This was originally published in two parts on RealMoney
(part one on Apr. 9, 2008 at 3:46 p.m. EDT, part two on Apr. 11, 2008 at 3:49 p.m. EDT). Both parts are being republished as a bonus for TheStreet.com
readers. For more information about subscribing to RealMoney,
please click here.
Before we go to the charts, I want to go over what I mean by "leading stocks."
The stocks that I buy always have a RS (
relative strength to the
S&P 500) rating of 70 or higher over the last 12 months. (These data points can be found in
Investor's Business Daily.) That means that these stocks are the top 30% of all stocks in the market based on price performance.
Most of the time, if you check the charts I post here, you will notice a RS rating of 80 or higher. That means I am only dealing with the strongest 20% of the stock market.
I do this because 125 years of stock market research shows that the best and biggest "monster stocks" every year had a RS rating of at least 80. If my stock does not have at least a 70, I won't even take a second look at it.
Now, of course, the RS line alone does not make a stock a buy or a sell. Only a well-formed chart pattern, with the stock bouncing off the 50-day
or breaking out on heavy volume, makes it a buy or sell.
Not only that, but that base must be formed near the stock's previous 52-week highs. I prefer this, as it means that once the stock breaks out, there will be no overhead resistance and hence no sellers waiting to unload at higher levels.
's 125 years of stock market research on the greatest stock winners -- I have confirmed the research -- has proved that buying stocks hitting
52-week highs (this is the key here; not the 100th time on the list) outperform
52-week lows. This is why I always focus on the best leading stocks that are within 20% of previous 52-week highs.
For me, when it comes to the
, it is all about annual
growth, quarterly EPS growth, quarterly sales growth,
But along with good fundamentals, I want the stock to be within 20% of a new 52-week high, under very heavy accumulation, and forming and breaking out of a base of at least five weeks long (and preferably seven weeks) before actually making the purchase.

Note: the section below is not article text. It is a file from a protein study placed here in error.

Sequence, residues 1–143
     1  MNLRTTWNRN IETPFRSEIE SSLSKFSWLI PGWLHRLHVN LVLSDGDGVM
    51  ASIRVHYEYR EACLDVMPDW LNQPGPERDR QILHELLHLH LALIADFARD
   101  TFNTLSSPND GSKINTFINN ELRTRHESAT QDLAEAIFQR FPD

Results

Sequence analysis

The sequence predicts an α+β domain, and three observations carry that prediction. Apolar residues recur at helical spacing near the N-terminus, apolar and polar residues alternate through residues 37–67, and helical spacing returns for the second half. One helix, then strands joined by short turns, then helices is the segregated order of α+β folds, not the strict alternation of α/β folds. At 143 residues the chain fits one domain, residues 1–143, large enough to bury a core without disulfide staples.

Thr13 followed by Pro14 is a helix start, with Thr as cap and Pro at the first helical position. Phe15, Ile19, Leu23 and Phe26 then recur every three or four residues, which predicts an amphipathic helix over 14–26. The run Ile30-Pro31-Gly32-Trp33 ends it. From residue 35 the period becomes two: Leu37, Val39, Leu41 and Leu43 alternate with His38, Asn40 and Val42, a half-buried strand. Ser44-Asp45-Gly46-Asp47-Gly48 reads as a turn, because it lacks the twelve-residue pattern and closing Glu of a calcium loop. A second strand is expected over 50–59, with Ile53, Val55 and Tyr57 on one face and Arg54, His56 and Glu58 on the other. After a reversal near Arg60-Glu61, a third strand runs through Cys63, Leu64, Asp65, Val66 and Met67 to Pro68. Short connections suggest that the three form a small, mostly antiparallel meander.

When everything lines up fundamentally and
, there is only one more test: Is the general stock market in an uptrend or downtrend? If it's in an uptrend, then it is safe to invest. If not, knowing that three out of four stocks follow the market, the
should probably not be taken. That is, unless it is in a leading industry group -- the top 20% of groups based on price performance from
. Let's get to the charts.
(TITN - Get Report)
can pull back to the 50-day moving average on light volume and then bounce on strong volume, I would love to add to my long position in this leading retail/wholesale-building products stock.
can bounce off the 50-day moving average one more time or move sideways for a few more weeks and then break out on strong volume, I would love to add to my existing long position in this leading telecom-wireless services stock.
Telemig Celular Participacoes
can pull back to the pivot point of the breakout area or the 50-day moving average on low volume and bounce on higher volume, I would like to get long this leading telecom-wireless services stock.
(CIB - Get Report)
can create one more cup-shaped base and break out to a new high on strong volume, I would like to get long this leading foreign bank stock.
(FFIN - Get Report)
can continue to move sideways for a couple more weeks and then break out to a new 52-week high, I would like to get long this leading banks-West/Southwest stock.
can pull back on low volume to the pivot point area or 50-day moving average, I would like to get long this electronics-military systems stock on the next heavy-volume bounce off the 50-day moving average.